How to Acquire Data with the NI-RFSA .NET Class Library

NI RF Vector Signal Analyzers (NI-RFSA 18.1) Help

Edition Date: June 2018

Part Number: 372058U-01

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You can acquire data with the NI-RFSA .NET class library with a fetch method or a read method.

Acquiring Data Using Fetch Methods

Follow these steps to acquire data with a fetch method:

  1. Initialize NIRfsa.
  2. Configure NIRfsa.
  3. Use Initiate to initiate acquisition.
  4. Use Fetch to transfer the acquired samples from the NI-RFSA device memory to the system memory.

You can configure NI-RFSA to acquire data in one of the following modes:

  • IQ
  • Spectrum

Acquiring Data in IQ Mode

The following code snippet shows how to configure NIRfsa to acquire data in IQ mode: (The snippet assumes that a NIRfsa session has already been created.)

VB.NET
session.Configuration.AcquisitionType = RfsaAcquisitionType.IQ
C#
session.Configuration.AcquisitionType = RfsaAcquisitionType.IQ;

Fetch: You can fetch the acquired data either as a single record or as a set of multiple records, and both single and multi record fetch methods support a regular fetch acquisition or a memory-optimized acquisition. You can fetch data as one of the following data types:

Some examples of NI-Rfsa fetch methods include:

Refer to the NIRfsa class library function reference for a complete list of fetch methods.

The following code snippet shows a single-record memory-optimized fetch method:

VB.NET
Using session As New NIRfsa("Rfsa", True, True)
    session.Configuration.AcquisitionType = RfsaAcquisitionType.IQ
    session.Configuration.Vertical.ReferenceLevel = -10.0
    session.Configuration.IQ.CarrierFrequency = 10000000.0
    session.Configuration.IQ.NumberOfSamples = 1000
    Dim data As New ComplexWaveform(Of ComplexDouble)(1000)
    session.Acquisition.IQ.Initiate()
    session.Acquisition.IQ.MemoryOptimizedFetchIQSingleRecordComplexWaveform(Of ComplexDouble)(0, 1000, New PrecisionTimeSpan(5), data)
End Using
C#
using (NIRfsa session = new NIRfsa("Rfsa", true, true))
{
session.Configuration.AcquisitionType = RfsaAcquisitionType.IQ;
session.Configuration.Vertical.ReferenceLevel = -10.0;
session.Configuration.IQ.CarrierFrequency = 10E+6;
session.Configuration.IQ.NumberOfSamples = 1000;
ComplexWaveform<ComplexDouble> data = new ComplexWaveform<ComplexDouble>(1000);
session.Acquisition.IQ.Initiate();
session.Acquisition.IQ.MemoryOptimizedFetchIQSingleRecordComplexWaveform<ComplexDouble>(0, 1000, new PrecisionTimeSpan(5),ref data);
}

Acquiring Data Using Read Methods

Follow these steps to acquire data with a read method:

  1. Initialize Rfsa.
  2. Configure Rfsa.
  3. Use Read to initiate acquisition, wait for the acquisition to finish and retrieve the data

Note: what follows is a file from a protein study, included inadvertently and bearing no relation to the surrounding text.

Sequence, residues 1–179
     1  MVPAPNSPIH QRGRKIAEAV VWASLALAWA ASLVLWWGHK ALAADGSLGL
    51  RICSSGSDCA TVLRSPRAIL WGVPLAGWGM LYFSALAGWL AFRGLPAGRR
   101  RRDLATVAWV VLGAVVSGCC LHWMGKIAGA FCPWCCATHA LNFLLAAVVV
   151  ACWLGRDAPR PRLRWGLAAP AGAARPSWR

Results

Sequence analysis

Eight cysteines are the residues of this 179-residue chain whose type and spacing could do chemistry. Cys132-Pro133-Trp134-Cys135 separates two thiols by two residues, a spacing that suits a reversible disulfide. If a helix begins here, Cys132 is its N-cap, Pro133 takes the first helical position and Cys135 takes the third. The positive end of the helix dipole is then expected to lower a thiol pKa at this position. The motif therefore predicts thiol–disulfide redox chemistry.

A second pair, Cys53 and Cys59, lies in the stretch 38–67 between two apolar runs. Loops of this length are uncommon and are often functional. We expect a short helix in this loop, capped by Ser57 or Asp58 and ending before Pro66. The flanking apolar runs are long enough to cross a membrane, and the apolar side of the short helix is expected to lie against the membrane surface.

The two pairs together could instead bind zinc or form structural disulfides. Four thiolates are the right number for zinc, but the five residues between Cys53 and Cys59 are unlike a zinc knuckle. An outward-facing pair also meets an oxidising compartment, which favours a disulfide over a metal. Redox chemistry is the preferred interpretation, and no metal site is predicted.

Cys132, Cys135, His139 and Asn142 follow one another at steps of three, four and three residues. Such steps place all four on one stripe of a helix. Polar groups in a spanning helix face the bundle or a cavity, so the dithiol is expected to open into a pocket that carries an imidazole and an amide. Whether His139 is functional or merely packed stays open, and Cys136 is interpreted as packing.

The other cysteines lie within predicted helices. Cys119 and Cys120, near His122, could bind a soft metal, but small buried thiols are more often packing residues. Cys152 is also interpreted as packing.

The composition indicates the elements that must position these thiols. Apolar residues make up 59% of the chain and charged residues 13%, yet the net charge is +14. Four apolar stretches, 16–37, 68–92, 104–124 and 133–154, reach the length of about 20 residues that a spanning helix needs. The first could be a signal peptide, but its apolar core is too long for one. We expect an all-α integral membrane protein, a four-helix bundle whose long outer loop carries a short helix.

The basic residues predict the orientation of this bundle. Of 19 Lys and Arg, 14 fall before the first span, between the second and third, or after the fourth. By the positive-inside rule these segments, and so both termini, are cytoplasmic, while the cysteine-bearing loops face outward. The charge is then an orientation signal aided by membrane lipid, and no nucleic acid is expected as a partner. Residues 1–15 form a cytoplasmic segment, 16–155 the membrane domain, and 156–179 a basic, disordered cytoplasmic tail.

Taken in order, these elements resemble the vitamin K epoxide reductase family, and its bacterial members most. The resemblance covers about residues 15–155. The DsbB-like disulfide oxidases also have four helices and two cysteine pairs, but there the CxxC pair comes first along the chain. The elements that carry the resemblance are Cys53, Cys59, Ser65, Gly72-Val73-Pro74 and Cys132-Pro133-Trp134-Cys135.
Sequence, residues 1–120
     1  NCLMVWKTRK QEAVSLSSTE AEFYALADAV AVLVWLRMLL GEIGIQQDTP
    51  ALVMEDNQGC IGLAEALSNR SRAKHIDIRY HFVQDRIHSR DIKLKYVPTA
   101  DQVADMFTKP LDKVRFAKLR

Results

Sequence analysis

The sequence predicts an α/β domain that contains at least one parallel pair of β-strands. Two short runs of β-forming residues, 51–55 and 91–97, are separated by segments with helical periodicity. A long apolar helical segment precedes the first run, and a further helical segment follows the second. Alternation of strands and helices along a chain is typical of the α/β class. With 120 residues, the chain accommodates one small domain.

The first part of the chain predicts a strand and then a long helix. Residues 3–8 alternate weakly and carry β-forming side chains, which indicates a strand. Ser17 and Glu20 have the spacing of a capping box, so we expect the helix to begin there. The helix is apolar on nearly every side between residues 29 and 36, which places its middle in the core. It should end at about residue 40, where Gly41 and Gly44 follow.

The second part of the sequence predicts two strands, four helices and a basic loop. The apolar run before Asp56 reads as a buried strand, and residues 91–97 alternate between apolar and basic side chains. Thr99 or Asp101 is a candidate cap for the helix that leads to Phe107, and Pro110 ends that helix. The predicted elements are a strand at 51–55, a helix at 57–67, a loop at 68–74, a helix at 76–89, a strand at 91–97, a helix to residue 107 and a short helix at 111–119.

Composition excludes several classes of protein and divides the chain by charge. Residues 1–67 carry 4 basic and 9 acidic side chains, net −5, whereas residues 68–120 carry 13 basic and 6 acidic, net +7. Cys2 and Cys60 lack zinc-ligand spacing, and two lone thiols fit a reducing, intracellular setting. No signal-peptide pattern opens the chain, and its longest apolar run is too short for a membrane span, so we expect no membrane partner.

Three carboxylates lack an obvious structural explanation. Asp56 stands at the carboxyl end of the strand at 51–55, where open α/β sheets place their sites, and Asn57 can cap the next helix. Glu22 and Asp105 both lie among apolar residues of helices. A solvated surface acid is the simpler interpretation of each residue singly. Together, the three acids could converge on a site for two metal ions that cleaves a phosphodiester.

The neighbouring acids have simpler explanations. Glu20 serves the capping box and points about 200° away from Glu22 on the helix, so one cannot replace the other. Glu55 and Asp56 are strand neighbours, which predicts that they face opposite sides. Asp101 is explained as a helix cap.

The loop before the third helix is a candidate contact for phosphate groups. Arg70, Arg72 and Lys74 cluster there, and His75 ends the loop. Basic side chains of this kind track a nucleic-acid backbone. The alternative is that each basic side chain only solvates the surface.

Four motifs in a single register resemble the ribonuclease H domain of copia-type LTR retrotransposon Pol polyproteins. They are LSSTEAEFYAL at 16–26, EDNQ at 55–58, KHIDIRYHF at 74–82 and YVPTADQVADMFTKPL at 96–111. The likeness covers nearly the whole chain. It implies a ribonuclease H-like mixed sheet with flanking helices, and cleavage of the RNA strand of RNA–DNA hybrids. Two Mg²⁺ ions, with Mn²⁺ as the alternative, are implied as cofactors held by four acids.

Unlike fetch methods read methods support only common use cases, and multi-record read methods do not exist.

You can read data as one of the following data types:

Some examples of NI-Rfsa read methods include:

Refer to the NIRfsa class library function reference for a complete list of read methods.

Acquiring Data in Spectrum Mode

The following code snippet shows how to configure NI-Rfsa to acquire data in Spectrum mode: (The snippet assumes that a NIRfsa session has already been created.)

VB.NET
session.Configuration.AcquisitionType = RfsaAcquisitionType.Spectrum
C#
session.Configuration.AcquisitionType = RfsaAcquisitionType.Spectrum;

You can only use spectrum mode with read methods, not fetch methods. Spectrum mode supports both regular and memory-optimized read methods. The following data types are supported:

Here are the various Read methods that exist, divided into buckets:

A Brief Discussion on Memory-optimized Overloads

When we acquire data using regular ‘fetch’ or ‘read’ methods, we internally create an array and pass it to the underlying NIRfsa to be filled. Every time a call is made, we end up instantiating new memory. This normally does not create any problems, if the user is careful with references and makes sure that things he doesn’t require are not referenced anywhere, thus making sure that garbage collector frees up the memory. But even regular calls to garbage collector can be a performance hit.

The reasons mentioned above necessitated the creation of memory-optimized versions of the regular fetch and read methods. Most of times, users want to call fetch or read in a loop giving the same number of records and number of samples, or number of spectral lines as the case maybe. If a user can make sure that he/she can perform all their tasks on the retrieved record before the next loop iteration, then he/she can reuse the memory created for the previous iteration. Thus all the memory optimized versions take in an ‘out’ parameter, which returns the data to the user. For every function call if the size of the ‘data’ retrieved matches the size of the ‘out data’ parameter, then new memory is not instantiated. In case there is a mismatch we instantiate a new memory, which gets assigned to the ‘out data’ parameter, and from the next integration onwards, this memory will be reused if possible. The code snippet for using a memory-optimized fetch is shown above.

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